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Article
June 1, 1984

The Role of Decision and Cost Analyses in the Treatment of Pregnant Women With Recurrent Genital Herpes

Author Affiliations

University of Washington School of Public Health and Community Medicine The Fred Hutchinson Cancer Research Center Division of Public Health Sciences Seattle; University of Washington School of Public Health and Community Medicine Seattle

JAMA. 1984;251(21):2828-2829. doi:10.1001/jama.1984.03340450044025
Abstract

The techniques of cost-benefit, cost-effectiveness, and clinical-decision analyses provide theoretical frameworks for systematic evaluation of the consequences of medical care programs or policies. For a specific medical problem, these techniques help evaluate the attainment of the "greatest social good," given the limited availability of health resources.1 The analyses, in and of themselves, are limited by the difficulty in determination of values concerning quality-of-life issues and by the model's inability to incorporate political and medicolegal concerns and clinical reality.2 Thus, these tools are usually intended, from a societal perspective, to complement and enhance, not replace, health policy decision making and clinical judgment.3 For complex issues, these analytic tools can help clarify points of agreement and disagreement regarding assumptions, probabilities, values, and what additional information is needed from future studies.4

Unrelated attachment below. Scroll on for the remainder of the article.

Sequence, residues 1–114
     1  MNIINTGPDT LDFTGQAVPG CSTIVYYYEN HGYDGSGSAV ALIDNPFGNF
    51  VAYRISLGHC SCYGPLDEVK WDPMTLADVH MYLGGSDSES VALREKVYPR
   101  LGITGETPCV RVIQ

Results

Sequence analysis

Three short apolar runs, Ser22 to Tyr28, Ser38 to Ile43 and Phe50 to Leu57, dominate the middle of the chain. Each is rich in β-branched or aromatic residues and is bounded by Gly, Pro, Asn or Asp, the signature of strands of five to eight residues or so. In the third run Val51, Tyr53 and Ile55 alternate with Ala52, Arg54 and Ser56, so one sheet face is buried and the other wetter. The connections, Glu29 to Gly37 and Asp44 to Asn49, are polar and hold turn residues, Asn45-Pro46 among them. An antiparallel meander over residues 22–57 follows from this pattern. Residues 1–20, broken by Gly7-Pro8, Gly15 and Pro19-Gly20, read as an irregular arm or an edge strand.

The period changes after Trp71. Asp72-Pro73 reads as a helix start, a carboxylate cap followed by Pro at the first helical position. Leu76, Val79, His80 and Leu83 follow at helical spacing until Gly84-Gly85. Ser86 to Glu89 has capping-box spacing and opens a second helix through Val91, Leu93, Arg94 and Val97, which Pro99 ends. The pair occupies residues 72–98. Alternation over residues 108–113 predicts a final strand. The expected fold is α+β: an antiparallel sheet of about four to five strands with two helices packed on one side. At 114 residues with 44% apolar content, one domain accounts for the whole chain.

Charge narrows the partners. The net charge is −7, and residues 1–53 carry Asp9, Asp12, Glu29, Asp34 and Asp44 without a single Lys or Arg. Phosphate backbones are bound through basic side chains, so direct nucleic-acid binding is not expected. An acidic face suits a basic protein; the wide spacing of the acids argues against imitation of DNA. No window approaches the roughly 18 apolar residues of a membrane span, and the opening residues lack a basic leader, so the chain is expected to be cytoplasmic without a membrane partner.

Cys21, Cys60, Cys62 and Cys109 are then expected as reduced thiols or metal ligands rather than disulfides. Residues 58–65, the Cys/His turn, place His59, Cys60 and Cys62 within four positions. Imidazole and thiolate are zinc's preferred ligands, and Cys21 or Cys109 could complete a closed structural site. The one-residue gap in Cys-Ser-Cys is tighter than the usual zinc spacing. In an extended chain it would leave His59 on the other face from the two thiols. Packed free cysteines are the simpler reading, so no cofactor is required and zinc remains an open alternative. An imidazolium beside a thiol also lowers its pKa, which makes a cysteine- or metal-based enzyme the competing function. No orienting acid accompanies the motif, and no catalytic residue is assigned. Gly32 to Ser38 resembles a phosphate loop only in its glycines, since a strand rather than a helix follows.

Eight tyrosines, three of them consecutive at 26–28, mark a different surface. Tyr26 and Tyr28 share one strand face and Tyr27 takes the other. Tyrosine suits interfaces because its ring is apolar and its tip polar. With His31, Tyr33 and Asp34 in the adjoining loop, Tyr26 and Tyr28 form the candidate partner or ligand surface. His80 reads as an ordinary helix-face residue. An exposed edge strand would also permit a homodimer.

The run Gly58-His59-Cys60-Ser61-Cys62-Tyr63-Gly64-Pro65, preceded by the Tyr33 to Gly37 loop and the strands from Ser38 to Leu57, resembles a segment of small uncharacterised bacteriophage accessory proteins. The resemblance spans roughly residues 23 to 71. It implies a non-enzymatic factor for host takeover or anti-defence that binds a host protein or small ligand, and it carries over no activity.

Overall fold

In this issue of The Journal, Binkin et al,5 by using decision analysis in combination with cost-effectiveness analysis,

References
1.
Warner KE,  Luce BR: Principles: The methodology of CBA-CEA , in  Cost Benefit and Cost Effectiveness Analysis in Health Care . Ann Arbor, Mich, Health Administration Press, 1982, pp 60-115.
2.
McLaughlin CP:  Cost benefit and cost effectiveness analysis , in Bloom BS, DeFriese GH (eds):  Cost Benefit, Cost Effectiveness, and Other Decision-Making Techniques in Health Care Allocation. Proceedings of a Regional Symposium, Port St Lucie, Fla, Feb 3-5, 1983 , New York, Biomedical Information Corporation Publications, 1983, pp 11-18.
3.
Weinstein MC, Fineberg HV, Elstein AS, et al:  Clinical Decision Analysis . Philadelphia, WB Saunders Co, 1980.
4.
Weinstein MC, Stason WB:  Foundations of cost effectiveness analysis for health and medical practices .  N Engl J Med 1977;296:716-721.Crossref
5.
Binkin NJ, Koplan JP, Cates W Jr, et al:  Preventing neonatal herpes: The value of weekly viral cultures in pregnant women with recurrent genital herpes .  JAMA 1984;251:2816-2821.Crossref
6.
Committee on Fetus and Newborn and Committee on Infectious Diseases:  Perinatal herpes simplex virus infections .  Pediatrics 1980;66:147-149.
7.
Sullivan-Bolyai J, Hull HF, Wilson C, et al:  Neonatal herpes simplex virus infection in King County, Washington: Increasing incidence and epidemiologic correlates .  JAMA 1983;250:3059-3062.Crossref
8.
Vontver LA, Hickok DE, Brown Z, et al:  Recurrent genital herpes simplex virus infection in pregnancy: Infant outcome and frequency of asymptomatic recurrences .  Am J Obstet Gynecol 1982;143:75-84.
9.
White JE: An Investigation of the Relationship Between Cesarean Births and Respiratory Distress Syndrome of the Newborn, dissertation. University of Washington, Seattle, 1982.
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